Thus, because the Court finds that the Magistrate Judge did not err, the Court overrules the Defendants' Objections and affirms the Magistrate Judge's ruling.

         Sanctions Dispute

         Independently of this lawsuit, the U.S. Department of Labor (“DOL”) commenced an audit of the Defendants wage and hour records under a different statute, the Service Contract Act (“SCA”). The DOL concluded that the Defendants had not made all of the wage payments required by the SCA, and directed the Defendants to make payments to employees as a remedy. In September 2017, the Defendants sent letters directly to the affected employees, notifying them that “it was determined that you are owed additional payment for services provided during your employment, ” enclosing a check, and including a “receipt” form that was drafted by the DOL.

         The receipt form requires some explanation. It referred to the payment of wages “based on the findings of a [Department of Labor] investigation” and was “required by the Act(s) indicated below.” Immediately below that sentence is a checked box identifying the “Service Contract Act. After several additional paragraphs of information, the form concluded with a space for the employee's signature, plus waiver language which read “I understand that my signature on this receipt and waive attests to the fact that I have actually received the payment indicated above . . . and that I waive my right to bring suit as described above and covering the period set forth above.”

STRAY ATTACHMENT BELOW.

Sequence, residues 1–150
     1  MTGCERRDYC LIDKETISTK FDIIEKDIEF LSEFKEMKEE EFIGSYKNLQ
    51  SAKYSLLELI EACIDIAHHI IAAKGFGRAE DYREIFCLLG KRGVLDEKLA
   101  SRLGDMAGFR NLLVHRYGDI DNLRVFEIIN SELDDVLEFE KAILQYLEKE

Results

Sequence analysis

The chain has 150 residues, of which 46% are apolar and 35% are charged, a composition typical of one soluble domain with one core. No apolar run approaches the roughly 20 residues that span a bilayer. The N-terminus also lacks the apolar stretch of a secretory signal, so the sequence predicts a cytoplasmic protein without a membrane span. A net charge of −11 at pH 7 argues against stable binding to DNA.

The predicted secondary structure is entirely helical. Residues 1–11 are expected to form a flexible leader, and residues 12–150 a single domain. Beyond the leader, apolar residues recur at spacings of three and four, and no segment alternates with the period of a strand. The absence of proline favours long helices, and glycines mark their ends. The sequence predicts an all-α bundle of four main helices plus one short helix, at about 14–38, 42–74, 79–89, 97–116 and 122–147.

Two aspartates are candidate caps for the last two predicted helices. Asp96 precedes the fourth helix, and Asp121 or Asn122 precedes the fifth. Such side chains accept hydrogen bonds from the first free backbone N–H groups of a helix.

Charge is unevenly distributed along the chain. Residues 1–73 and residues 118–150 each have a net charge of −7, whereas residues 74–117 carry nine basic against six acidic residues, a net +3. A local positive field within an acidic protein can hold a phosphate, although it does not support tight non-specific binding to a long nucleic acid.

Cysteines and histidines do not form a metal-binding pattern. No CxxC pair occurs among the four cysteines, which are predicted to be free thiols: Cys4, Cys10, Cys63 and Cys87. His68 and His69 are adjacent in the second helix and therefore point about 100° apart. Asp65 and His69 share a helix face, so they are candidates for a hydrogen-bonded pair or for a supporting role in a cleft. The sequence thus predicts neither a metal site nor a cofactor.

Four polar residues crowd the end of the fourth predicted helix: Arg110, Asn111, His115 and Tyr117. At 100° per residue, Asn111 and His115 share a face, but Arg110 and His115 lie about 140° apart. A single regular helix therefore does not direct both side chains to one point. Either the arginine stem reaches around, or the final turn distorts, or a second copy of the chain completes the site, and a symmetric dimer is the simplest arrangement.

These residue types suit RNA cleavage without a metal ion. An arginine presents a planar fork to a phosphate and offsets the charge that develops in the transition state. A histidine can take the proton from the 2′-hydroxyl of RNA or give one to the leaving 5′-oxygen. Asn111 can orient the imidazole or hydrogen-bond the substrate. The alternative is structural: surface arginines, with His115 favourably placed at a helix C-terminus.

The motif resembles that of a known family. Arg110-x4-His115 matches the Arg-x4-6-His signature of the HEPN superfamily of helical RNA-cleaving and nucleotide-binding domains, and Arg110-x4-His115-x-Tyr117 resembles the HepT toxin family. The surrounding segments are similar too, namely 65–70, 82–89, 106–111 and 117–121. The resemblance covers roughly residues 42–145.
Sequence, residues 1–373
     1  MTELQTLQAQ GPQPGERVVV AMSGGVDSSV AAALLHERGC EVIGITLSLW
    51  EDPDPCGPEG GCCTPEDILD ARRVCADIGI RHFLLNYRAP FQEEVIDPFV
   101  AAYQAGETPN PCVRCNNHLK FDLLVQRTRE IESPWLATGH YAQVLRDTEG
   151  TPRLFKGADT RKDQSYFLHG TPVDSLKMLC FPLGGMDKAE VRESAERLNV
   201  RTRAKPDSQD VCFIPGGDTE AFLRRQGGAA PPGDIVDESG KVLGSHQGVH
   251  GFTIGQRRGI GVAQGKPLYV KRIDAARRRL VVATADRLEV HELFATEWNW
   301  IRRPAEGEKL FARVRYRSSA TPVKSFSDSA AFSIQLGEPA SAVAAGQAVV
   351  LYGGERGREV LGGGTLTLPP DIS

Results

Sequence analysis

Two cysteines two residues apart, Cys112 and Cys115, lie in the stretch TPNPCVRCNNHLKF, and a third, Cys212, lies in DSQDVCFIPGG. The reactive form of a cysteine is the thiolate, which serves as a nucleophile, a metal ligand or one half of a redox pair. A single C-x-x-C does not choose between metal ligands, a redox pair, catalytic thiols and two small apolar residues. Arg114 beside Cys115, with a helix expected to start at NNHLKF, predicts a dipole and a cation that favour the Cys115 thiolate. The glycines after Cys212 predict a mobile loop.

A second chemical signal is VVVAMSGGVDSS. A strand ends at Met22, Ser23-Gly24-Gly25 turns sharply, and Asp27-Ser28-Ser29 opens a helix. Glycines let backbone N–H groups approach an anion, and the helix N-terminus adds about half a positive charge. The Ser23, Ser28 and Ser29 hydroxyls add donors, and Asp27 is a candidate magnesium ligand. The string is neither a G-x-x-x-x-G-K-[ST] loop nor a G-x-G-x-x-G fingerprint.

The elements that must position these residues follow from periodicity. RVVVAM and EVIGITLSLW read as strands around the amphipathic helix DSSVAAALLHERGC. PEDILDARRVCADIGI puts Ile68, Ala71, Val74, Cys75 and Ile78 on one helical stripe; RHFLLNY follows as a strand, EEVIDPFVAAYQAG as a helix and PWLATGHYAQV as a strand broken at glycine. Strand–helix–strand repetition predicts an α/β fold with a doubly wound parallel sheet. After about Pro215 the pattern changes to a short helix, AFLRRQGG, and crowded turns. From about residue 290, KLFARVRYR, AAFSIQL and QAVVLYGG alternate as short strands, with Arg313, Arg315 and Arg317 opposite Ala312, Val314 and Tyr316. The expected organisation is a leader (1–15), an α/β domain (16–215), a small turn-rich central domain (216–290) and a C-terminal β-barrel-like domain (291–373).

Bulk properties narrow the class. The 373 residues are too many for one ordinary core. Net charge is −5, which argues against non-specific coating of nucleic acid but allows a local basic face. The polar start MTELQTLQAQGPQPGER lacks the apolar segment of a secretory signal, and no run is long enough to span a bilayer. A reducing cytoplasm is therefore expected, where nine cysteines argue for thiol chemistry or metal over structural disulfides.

Upon learning of such communications between the Defendants and Plaintiffs, the Plaintiffs' counsel became concerned for several reasons. Most significantly, the Plaintiffs' counsel was concerned about the waiver language and the effects, both actual and perceived, it might have on the Plaintiffs. The Plaintiffs' counsel e-mailed the Defendants' counsel, requesting that the Defendants confirm that they “will not seek to rely on the payments currently offered [under the Service Contract Act] as a defense to any liability in our law suit, either based on waiver, accord and satisfaction, or any other defense.” The Defendants' counsel responded that they “do not understand your concern, ” state that “the forms are government forms that . . . have not been altered” by the Defendants, and that “the waiver, drafted by the government, says what it says.” Specifically responding to the Plaintiffs' concern that the waiver language might be used in this action, the Defendants' counsel responded “To the extent that [Plaintiffs] performed non-SCA work in a different pay period and claims that [the Defendants] failed to pay them the minimum wage, then the waiver would have not effect on such a claim.” After additional discussions with the DOL, counsel for the Plaintiffs again wrote ...